Gardening

Most Wanted… Weed Free Lawns

Each year we battle, and each year they come back. From if-you-can’t-beat-’em-eat-’em tips to expert weed-curbing suggestions, we’ve got you covered

Having a lush green lawn is a badge of honour for many homeowners, yet weeds can quickly take over, leaving your property—and curb appeal—in shambles.

Most weeds are perennials, meaning they come back every year, so the goal of growing a great lawn is an endless battle. On the bright side, some of these weeds can be good for you and, hey, doesn’t harvesting sound better than crawling around on hands and knees, hunting for culprits?

The first step to getting weeds under control is identifying which weeds are making themselves at home on your property. Here are some of the more common troublemakers, plus advice on how to manage them.


GroundIvyGround ivy

Ground ivy comes in different strains and may have white, blue or yellow flowers, with three-leaf petals. The plant likes to stay low to the ground and is hard to pick out, so using weed killers will only kill the grass. Ground ivy also settles in patches on the lawn and can take over your lawn very quickly. This ivy reproduces by slender stems that creep along the soil surface, as well as by seeds.

CrabGrassCrab grass

Crab grass is another weed that is hard to pull out, as it nestles in between blades of grass in your lawn or bunches up at the edges. Weeding tools will tear up your lawn, so this weed needs to be picked out one by one, preferably when the ground is wet, for easier pickings. Crab grass is hard to control, and one plant is capable of producing 150,000 seeds per season.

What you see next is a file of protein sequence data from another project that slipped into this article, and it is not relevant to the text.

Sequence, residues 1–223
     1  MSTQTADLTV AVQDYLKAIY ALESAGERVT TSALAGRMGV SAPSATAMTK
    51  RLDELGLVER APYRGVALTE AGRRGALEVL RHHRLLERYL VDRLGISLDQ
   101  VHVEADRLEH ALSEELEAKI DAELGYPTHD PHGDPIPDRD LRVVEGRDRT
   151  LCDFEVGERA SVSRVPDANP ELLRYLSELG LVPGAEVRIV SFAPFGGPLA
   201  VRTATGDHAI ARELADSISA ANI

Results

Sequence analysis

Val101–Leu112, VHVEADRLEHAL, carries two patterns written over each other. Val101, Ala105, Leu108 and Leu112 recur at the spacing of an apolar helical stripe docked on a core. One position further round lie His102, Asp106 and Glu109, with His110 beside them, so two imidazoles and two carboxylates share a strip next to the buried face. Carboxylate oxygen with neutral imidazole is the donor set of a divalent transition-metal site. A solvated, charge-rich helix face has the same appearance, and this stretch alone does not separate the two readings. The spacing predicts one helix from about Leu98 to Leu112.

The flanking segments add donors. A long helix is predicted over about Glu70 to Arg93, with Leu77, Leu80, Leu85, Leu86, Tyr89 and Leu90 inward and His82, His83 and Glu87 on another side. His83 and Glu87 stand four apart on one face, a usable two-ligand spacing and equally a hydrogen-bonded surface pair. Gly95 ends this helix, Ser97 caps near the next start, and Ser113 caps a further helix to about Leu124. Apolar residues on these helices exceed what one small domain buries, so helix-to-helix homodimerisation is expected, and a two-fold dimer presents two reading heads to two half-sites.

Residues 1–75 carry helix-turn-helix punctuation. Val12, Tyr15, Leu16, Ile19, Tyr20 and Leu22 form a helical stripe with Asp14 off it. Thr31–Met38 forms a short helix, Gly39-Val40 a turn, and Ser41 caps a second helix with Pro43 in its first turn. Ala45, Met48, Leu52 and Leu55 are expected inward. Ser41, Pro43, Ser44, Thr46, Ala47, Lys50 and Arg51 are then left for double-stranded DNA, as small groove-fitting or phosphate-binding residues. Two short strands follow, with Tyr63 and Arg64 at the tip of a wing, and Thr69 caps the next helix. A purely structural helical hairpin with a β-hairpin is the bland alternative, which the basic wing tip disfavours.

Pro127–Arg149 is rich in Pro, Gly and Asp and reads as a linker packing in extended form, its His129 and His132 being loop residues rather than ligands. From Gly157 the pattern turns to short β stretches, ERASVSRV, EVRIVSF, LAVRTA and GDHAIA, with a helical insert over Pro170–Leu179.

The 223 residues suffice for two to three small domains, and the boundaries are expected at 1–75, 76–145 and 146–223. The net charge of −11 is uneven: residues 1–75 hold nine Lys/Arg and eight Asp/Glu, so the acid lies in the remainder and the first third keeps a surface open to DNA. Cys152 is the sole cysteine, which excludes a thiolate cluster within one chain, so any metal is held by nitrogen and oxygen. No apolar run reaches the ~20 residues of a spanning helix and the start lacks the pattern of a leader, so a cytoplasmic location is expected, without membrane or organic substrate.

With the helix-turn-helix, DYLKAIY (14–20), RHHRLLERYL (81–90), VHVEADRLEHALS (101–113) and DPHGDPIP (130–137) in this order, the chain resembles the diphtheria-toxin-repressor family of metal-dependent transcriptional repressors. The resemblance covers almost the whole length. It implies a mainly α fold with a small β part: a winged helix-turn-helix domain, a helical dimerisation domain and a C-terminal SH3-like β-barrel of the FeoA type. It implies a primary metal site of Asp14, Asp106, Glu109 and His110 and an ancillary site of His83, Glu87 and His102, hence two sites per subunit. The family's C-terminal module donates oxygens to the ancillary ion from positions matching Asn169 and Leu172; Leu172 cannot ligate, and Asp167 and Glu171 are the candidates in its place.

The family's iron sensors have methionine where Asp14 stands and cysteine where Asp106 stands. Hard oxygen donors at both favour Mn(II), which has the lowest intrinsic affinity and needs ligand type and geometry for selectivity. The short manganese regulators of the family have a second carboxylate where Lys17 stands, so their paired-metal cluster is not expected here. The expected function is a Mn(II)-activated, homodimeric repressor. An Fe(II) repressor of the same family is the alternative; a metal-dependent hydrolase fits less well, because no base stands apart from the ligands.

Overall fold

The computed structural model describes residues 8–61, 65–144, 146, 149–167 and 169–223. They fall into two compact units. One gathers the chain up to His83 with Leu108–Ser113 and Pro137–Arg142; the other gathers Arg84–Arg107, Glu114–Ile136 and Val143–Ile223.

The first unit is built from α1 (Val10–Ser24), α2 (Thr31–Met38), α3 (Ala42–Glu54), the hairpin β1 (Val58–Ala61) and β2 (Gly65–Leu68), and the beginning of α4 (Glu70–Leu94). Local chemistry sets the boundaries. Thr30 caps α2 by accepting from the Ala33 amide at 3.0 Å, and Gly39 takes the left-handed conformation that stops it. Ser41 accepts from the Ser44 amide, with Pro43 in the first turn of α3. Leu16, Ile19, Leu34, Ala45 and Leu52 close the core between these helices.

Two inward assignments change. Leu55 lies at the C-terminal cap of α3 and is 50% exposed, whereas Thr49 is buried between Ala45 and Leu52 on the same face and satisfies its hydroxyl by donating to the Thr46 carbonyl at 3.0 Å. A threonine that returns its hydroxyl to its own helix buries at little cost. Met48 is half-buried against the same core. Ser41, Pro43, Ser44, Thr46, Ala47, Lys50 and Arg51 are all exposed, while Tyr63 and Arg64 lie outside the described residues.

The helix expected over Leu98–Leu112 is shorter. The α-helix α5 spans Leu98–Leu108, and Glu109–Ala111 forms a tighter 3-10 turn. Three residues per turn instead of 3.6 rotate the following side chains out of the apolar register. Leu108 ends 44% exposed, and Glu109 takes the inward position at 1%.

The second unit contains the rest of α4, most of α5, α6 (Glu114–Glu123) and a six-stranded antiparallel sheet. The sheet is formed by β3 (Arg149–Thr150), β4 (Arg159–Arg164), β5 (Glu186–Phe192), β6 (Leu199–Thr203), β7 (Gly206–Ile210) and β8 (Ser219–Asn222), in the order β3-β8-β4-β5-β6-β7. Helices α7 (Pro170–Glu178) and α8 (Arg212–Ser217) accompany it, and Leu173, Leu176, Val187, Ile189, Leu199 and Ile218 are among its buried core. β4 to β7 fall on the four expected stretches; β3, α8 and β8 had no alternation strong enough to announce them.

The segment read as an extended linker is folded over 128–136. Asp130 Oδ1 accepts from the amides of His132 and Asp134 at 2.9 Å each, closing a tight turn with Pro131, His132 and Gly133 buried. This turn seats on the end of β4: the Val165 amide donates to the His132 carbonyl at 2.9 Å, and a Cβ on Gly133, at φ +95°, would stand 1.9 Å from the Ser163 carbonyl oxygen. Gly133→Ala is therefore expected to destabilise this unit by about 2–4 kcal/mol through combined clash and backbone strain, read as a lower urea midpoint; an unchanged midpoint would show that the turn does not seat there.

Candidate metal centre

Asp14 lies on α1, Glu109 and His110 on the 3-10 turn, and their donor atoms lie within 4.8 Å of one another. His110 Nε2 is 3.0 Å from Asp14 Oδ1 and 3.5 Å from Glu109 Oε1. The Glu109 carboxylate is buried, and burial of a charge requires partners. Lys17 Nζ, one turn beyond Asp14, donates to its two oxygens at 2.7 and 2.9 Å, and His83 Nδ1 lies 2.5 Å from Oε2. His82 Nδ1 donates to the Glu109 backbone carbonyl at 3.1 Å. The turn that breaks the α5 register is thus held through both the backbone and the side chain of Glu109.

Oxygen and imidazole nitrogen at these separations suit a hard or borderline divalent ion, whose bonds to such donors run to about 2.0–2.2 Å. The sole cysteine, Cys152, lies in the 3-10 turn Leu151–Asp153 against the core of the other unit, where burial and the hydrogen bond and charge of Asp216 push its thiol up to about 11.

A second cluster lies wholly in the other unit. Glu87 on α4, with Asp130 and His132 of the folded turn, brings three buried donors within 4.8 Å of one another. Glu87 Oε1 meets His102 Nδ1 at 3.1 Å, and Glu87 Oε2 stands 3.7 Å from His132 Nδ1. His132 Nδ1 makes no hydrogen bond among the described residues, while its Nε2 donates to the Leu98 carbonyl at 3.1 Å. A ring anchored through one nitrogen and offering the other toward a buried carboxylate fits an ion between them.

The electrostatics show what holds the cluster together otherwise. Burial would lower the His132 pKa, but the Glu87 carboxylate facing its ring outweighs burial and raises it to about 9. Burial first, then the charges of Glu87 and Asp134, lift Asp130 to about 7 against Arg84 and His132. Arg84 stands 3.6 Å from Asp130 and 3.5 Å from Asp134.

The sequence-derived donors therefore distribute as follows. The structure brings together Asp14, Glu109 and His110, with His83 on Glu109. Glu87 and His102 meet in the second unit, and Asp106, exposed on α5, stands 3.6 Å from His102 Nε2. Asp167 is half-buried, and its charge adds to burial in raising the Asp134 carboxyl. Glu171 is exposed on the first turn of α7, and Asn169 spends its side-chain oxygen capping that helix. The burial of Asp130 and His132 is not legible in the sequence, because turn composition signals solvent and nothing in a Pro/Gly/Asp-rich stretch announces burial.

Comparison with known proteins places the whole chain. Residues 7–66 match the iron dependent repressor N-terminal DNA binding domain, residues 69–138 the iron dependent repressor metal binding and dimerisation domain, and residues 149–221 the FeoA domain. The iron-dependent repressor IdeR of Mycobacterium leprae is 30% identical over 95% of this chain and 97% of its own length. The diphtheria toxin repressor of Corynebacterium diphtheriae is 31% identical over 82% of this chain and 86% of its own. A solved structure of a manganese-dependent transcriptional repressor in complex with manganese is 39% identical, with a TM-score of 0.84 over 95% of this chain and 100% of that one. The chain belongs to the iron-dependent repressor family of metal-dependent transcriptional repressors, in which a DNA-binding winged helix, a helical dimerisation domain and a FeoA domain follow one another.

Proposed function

RagweedRagweed

For allergy suffers, this weed is a major problem, as ragweed pollen is the principal cause of hay fever. This pollen has staying power—it can be carried 480 to 640 km (300 to 400 miles) by winds, and a single plant can produce a billion grains of pollen per season, making it a no-win fight for allergy sufferers. The plant can grow up to 13 feet in height and is identified by its distinctive leaves.

 

Dandelion WeedDandelions

Everybody knows this yellow flower weed, which never seems to go away. Each plant can produce 2,000 seeds, and each flower, with its globe-like transformation, creates 50 to 200 seeds. What you may not know is that dandelions are edible, and they’ve been harvested for salads as part of the European diet. Like we said, if you can’t beat ’em, you might as well eat ’em!

Plantain WeedPlantain

This leafy plant quickly covers a lot of ground and typically shows up on the edges of your lawn in a small area of exposed soil. These are easy to dig out with a weed tool or flat screwdriver. A single plant can generate 20,000 seeds. The weed is also on the list of edible weeds (such as spinach) and has been used in teas for heartburn and ulcers.

ThistleThistle

This prickly weed is part of the daisy family and can grow to two to five feet if left unattended. Each plant produces about 50 seeds, so this perennial is not as invasive as other weeds, but it has deep roots and is hard to pull out of the ground. Other strains of thistle, like milk thistle, are edible and have been used in liver cleansing and the treatment of digestive issues.


Though these are some of the more common weeds found in lawns across Canada, there are variations of each type. Scientists have, in fact, discovered that weeds come in many different forms, and they all are given unique descriptions based on the flowers, leaves and geographic location. All share a common genetic trait, however: weeds can spread by wind, so they can travel great distances and pollinate areas that may not have had them before.

The best remedy to keep weeds at bay is to pull them at the root level and to have a dense lawn, which can be achieved through proper mowing and the use of fertilizer. As they say, prevention is the best medicine.